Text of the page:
Social Media Changing Your Brain – With one third of the world’s population using social media, it is obvious that these platforms have had a significant impact on society. What about our bodies, though? Here are five bizarre ways that social media and the internet are now impacting your brain.
Unable to log off? Unbelievably, 5–10% of internet users find it difficult to manage how much time they spend online. Brain scans of these individuals really reveal a similar impairment of areas to that of those with drug dependency, despite the fact that it is a psychological addiction as opposed to a chemical addiction. The areas that regulate emotional processing, attentiveness, and decision-making in particular show a definite deterioration of white matter.
Your brain starts to rewire itself as a result of social media’s quick rewards and low work requirements, making you want these stimulations. After each connection, you start to yearn for more of this neurological thrill. Sounds quite drug-like, don’t you think?
When we examine multitasking, we also notice a change. You might believe that those who often use social media or alternate between work and websites are better at multitasking, but research has shown that when heavy media users are tested on task switching, they fare substantially worse than other people. Online multitasking makes it more difficult for your brain to commit information to memory and diminishes its capacity to filter out distractions.
like when you’re working efficiently and your phone buzzes. Or hold on, did it actually buzz? Phantom Vibration Syndrome is a psychological condition in which you believe your phone has rang when it hasn’t. In one research, 89% of test participants reported going through this at least once every two weeks. It would appear that our brains now mistake an itch for a phone vibration. As absurd as it may sound, technology has started to rewire our neurological systems, and as a result, our brains are being activated in ways they have never been before.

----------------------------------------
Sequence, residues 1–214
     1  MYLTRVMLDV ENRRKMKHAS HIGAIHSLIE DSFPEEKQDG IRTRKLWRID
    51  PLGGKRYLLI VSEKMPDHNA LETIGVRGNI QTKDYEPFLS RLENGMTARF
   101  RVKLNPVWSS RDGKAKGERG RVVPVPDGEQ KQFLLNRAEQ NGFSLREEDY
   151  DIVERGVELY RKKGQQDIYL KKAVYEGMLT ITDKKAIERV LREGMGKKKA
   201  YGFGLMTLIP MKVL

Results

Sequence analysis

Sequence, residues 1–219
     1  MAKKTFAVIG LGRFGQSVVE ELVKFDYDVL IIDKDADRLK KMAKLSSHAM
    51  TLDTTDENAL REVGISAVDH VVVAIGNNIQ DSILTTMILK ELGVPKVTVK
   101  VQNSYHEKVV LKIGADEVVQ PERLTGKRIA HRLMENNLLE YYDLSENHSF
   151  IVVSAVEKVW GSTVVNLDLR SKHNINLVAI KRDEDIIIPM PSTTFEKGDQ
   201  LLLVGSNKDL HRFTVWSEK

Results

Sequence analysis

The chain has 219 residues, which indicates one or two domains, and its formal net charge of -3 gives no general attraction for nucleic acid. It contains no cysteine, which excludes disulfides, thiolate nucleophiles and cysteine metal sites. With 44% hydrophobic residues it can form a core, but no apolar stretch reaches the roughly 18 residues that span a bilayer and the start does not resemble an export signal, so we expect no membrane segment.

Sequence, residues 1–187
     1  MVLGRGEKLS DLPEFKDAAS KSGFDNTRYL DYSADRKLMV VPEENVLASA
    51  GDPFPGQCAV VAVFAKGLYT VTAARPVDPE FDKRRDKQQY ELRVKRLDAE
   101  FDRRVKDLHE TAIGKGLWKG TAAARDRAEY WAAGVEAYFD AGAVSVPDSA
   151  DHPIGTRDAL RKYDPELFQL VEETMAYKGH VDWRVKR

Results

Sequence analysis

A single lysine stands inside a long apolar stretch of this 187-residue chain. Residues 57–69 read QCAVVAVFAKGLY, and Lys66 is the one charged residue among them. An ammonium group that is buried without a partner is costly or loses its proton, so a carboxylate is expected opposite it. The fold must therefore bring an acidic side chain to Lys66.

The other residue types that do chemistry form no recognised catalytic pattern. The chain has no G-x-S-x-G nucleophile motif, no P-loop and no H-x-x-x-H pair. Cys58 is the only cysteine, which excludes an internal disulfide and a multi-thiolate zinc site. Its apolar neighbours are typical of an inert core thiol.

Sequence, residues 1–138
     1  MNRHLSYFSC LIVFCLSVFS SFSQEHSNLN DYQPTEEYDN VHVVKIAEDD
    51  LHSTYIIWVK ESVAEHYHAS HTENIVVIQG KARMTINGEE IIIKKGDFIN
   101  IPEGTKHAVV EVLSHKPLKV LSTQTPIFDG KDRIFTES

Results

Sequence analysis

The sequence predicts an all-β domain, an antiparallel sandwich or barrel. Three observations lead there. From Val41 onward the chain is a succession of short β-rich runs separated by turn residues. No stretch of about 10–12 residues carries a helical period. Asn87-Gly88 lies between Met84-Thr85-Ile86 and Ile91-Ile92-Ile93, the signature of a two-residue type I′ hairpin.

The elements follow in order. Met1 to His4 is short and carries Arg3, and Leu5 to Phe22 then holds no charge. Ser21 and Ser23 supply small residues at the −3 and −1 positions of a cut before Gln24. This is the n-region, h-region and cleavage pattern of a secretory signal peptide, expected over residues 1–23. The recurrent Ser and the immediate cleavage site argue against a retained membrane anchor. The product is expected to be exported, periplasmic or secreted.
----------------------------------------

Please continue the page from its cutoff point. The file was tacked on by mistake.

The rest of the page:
Dopamine, a hormone that makes us feel happy, is also released in response to social media. The reward centers in people’s brains are significantly more active when they are speaking about their own opinions as opposed to listening to others, according to research using MRI scans. Not so unexpected, after all, we all enjoy talking about ourselves. However, research turns out that while sharing our personal experiences with others accounts for between 30 and 40 percent of face-to-face interactions, this figure rises to over 80 percent on social media.
Your usage of social media stimulates the same region of your brain that controls orgasms, motivation, and love—and this stimulation is amplified when you are aware of an audience.
We are biologically rewarded for chatting about ourselves online by our bodies!
But everything isn’t so self-centered. In fact, research on relationships have shown that meeting for the first time online as opposed to in person tends to make couples like one other more.
There has been a statistical increase in long-lasting relationships that began online, which may be due to individuals being more anonymous or possibly because they are more aware of their long-term objectives.
The ones that mean the most could thus end up even closer even if the internet has transformed our spoken interactions and increased physical isolation.
On the subject of social media, we asked you to contact us via Twitter, Instagram, Facebook, Tumblr, and any other social media site we could locate.
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